“I haven’t been called back in since they last asked me about how the eminent domain would work and whether if it went forward,” Cavanaugh said. “If I have a conflict because I gave them advice on how eminent domain works, where am I making money on that by virtue of my wife? My wife does not sit on the council, my wife does not cast the vote, my wife has no influence whatsoever. And whether eminent domain gets done or not done, if she had a vote, you might have a point, but she has no vote. She’s a nurse.”

Also in regards to his wife, Cavanaugh said she was not lying in that the hospital was struggling to stay open. He added: “The hospital, as we all know, has struggled since 2008 to stay there and stay afloat… She cited 9/11, she cited Hurricane Sandy, she cited things that… We’re on a peninsula. Things are closed off. If you have a heart attack, and we’re closed off and we can’t get to Christ Hospital and St. Vincent’s in Staten Island, or Jersey City Medical Center, you’re going to die.”

Cavanaugh concluded, “I’ll be damned if I’m going to let somebody like him impugn on her integrity. Where were you in 2008 Mr. Franco? When we were trying to save the hospital, I’d love to know where you were.”

Council votes unanimously for both appointments

Prior to voting, City Council President Gary La Pelusa defended the appointments of both Russo and Cavanaugh, noting politics were at play considering Franco’s recent run against him for the Third Ward City Council seat.

“There are differences of opinion, some of them have gone along political lines,” La Pelusa said. “The two women that are here are appointed by the mayor with the advice and consent of the City Council. So I heard both arguments. I know both of those ladies personally. They’re tough when they have to be tough. They’re gentle when they have to be gentle. Getting through COVID-19 was very, very difficult. I personally think Ms. Russo and Mrs. Cavanaugh did a great job during that time. I can’t disagree more with some of the comments I’ve heard today.”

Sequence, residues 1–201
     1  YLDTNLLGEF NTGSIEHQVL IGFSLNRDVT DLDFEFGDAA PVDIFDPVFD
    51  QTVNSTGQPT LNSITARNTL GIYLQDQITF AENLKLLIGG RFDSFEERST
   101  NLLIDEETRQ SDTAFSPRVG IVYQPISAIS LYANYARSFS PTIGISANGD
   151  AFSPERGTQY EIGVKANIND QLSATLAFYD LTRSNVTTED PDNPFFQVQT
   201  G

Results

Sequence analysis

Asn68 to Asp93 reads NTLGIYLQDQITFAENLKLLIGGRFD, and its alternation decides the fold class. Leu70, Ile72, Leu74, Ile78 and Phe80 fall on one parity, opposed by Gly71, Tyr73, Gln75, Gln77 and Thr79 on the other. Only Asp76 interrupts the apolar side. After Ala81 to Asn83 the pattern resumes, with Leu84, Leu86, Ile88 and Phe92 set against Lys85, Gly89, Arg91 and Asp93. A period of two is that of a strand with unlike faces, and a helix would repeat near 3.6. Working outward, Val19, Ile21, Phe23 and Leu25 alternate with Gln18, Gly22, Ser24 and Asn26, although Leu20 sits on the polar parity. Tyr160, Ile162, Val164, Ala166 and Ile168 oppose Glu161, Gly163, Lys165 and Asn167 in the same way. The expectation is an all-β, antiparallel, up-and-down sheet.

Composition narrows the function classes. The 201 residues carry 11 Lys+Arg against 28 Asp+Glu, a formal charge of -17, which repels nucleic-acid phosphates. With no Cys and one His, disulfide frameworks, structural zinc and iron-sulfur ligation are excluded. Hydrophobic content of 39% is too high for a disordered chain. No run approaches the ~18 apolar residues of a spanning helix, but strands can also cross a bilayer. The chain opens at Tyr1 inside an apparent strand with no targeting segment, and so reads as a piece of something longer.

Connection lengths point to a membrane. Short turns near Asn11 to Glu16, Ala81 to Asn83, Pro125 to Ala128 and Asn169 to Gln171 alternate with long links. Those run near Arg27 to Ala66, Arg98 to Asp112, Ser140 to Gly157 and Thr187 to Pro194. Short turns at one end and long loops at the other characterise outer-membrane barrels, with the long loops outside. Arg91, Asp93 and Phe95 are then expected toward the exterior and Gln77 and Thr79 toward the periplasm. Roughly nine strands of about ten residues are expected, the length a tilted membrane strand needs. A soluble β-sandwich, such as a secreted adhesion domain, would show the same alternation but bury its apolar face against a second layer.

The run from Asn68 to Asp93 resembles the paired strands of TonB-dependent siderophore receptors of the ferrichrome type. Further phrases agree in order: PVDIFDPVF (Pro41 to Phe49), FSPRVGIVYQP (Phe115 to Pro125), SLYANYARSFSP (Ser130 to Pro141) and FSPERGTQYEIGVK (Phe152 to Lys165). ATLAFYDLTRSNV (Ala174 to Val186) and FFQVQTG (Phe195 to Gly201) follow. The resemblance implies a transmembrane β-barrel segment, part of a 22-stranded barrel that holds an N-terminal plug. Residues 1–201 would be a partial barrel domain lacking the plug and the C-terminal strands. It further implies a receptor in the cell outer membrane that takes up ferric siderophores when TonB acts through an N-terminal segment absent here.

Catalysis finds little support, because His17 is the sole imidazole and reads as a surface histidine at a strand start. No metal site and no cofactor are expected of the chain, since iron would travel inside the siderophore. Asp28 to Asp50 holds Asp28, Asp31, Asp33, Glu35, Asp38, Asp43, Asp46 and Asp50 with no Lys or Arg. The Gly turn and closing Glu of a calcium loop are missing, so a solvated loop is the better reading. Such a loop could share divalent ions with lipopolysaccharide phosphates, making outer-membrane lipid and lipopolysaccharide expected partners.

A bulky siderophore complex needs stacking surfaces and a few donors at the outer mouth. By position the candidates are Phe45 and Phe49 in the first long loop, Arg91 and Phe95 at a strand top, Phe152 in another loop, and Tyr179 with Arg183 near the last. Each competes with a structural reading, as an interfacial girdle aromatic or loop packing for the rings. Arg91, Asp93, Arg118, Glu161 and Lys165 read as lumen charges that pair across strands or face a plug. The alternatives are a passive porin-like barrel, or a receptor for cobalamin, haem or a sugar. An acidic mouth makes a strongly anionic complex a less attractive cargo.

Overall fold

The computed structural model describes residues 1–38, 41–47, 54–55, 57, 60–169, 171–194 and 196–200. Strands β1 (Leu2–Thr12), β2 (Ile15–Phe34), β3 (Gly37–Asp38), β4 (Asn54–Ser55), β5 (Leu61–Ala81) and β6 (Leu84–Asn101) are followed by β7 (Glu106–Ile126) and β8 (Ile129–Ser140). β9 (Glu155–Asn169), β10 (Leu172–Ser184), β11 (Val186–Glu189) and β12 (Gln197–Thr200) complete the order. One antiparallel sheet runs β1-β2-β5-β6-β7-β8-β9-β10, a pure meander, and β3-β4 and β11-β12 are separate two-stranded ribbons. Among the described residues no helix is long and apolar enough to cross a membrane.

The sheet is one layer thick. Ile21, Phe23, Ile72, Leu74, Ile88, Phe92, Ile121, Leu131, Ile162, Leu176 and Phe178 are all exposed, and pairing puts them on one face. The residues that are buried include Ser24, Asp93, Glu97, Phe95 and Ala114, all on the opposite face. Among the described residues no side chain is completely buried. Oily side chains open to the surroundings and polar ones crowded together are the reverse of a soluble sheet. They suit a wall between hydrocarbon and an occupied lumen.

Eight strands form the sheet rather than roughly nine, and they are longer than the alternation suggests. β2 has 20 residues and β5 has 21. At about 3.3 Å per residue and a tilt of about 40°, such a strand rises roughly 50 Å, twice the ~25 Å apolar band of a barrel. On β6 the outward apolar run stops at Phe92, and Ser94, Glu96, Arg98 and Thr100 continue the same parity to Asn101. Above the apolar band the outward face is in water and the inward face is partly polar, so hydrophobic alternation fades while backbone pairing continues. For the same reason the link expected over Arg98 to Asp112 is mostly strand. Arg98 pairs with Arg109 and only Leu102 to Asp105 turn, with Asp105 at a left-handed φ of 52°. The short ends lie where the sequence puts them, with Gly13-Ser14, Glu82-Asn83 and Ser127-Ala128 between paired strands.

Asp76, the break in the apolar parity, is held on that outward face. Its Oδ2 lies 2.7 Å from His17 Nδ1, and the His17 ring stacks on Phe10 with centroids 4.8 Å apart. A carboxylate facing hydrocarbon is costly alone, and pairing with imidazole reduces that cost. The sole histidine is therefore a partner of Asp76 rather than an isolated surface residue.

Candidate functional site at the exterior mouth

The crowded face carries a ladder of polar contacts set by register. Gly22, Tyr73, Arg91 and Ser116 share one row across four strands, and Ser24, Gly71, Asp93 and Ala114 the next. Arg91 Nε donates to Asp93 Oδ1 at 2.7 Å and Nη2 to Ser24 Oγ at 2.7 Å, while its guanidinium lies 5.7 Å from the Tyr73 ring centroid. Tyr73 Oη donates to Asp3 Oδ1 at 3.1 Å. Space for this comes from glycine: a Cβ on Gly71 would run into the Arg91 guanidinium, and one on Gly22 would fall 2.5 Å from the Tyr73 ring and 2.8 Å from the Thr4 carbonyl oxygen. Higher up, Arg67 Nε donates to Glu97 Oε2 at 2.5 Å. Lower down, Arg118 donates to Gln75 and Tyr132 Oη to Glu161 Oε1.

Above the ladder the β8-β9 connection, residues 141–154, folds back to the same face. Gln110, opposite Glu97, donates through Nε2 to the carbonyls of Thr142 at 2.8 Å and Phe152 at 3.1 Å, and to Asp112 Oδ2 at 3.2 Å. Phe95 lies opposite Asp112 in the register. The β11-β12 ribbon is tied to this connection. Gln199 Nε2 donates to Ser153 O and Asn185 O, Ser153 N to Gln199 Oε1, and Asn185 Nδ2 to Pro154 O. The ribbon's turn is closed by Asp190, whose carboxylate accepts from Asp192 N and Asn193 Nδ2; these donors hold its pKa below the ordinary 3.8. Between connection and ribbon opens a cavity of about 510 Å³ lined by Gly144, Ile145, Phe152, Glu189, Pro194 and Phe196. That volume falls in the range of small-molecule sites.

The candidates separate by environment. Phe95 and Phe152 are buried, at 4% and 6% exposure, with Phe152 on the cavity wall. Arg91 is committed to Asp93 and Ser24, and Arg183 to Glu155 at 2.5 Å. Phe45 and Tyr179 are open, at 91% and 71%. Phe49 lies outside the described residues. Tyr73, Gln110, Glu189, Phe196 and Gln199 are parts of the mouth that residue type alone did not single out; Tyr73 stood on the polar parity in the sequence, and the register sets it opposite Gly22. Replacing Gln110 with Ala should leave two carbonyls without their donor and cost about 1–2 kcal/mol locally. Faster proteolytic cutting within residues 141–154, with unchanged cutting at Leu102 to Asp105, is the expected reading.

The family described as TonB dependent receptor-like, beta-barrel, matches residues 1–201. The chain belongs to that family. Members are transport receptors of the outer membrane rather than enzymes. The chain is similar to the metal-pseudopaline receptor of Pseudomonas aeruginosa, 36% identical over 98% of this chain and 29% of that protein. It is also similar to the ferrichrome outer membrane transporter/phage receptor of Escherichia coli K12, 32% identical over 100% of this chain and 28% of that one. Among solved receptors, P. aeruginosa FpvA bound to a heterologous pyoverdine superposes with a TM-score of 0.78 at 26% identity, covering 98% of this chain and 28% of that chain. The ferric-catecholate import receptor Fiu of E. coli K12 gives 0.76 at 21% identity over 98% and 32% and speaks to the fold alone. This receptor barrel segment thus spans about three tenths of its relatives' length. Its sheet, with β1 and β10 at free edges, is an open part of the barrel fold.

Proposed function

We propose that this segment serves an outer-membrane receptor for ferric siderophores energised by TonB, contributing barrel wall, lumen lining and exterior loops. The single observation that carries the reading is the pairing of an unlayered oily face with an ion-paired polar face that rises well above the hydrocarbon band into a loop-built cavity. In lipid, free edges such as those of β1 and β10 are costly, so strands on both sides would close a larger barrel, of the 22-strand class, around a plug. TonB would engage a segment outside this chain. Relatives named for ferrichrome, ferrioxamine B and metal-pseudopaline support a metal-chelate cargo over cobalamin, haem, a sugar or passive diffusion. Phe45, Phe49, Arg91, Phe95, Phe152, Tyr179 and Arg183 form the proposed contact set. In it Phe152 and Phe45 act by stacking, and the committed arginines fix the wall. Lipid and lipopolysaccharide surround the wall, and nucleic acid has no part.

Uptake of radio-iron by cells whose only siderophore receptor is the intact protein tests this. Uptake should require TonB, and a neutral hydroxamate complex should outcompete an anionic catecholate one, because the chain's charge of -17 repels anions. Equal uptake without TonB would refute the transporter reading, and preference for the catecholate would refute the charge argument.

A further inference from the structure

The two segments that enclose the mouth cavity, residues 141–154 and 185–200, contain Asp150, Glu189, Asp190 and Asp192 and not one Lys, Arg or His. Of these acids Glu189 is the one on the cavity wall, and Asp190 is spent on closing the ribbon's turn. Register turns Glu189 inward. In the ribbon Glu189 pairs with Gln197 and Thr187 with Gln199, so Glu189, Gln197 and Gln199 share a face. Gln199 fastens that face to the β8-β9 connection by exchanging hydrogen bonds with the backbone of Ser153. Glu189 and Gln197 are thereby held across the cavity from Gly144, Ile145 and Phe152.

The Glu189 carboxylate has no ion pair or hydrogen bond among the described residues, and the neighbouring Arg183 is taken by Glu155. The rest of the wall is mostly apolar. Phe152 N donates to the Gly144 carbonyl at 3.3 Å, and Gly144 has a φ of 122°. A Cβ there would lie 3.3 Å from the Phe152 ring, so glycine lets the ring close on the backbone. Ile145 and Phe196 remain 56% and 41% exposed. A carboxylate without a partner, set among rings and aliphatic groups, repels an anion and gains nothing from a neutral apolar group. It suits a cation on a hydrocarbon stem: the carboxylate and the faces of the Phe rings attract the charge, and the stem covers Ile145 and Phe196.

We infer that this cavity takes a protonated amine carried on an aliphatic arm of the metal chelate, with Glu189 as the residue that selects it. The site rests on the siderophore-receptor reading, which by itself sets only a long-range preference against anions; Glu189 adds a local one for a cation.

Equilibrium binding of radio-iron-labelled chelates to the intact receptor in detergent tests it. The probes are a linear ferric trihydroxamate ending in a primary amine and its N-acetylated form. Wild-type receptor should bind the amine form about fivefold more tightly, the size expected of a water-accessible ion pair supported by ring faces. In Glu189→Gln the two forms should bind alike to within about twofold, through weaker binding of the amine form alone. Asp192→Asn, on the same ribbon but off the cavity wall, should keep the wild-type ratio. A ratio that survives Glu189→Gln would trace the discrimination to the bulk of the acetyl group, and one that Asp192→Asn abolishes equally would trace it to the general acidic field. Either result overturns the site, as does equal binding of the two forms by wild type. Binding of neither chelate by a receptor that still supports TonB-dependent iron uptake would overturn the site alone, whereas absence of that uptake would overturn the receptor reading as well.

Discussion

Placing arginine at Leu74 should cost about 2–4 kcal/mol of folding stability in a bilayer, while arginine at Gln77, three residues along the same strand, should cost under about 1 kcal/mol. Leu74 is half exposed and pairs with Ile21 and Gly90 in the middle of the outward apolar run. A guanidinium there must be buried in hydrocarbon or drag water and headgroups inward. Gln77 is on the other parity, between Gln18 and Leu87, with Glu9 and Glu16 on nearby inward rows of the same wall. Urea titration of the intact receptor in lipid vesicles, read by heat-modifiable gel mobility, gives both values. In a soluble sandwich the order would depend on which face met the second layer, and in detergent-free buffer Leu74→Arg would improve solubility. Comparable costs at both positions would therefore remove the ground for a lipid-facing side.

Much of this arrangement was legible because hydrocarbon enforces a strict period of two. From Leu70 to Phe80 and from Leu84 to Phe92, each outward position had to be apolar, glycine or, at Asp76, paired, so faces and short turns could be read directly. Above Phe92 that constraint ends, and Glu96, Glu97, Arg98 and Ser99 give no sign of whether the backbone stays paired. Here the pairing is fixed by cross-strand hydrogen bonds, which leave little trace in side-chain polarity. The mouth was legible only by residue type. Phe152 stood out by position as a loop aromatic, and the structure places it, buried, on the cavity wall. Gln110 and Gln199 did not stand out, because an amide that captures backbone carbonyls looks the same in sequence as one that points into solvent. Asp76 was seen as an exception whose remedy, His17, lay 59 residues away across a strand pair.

The council voted unanimously to approve both of Davis’ appointments to the positions. In addition to that, the city is also contemplating an overhaul of the departments at City Hall.

There was an ordinance set to be introduced by the City Council at the September meeting that would authorize that, but it was withdrawn without explanation. After the meeting, La Pelusa told the Bayonne Community News the details of the ordinance were still being worked out.

“It’s a reorganization of Chapter 2,” La Pelusa said. “We’re in the process of, and again, there’s some things that have to be changed as well, so that was not ready. But it’s a reorganization of the departments, and who’s going to be in charge of what departments and whether we’re going to keep the same amount of departments and things like that. So there’s a few questions on that, which is why it was pulled, but that’s pretty much what it is, a reorganization of Chapter 2 and all ordinances.”

For updates on this and other stories, check www.hudsonreporter.com and follow us on Twitter @hudson_reporter. Daniel Israel can be reached at disrael@hudsonreporter.com.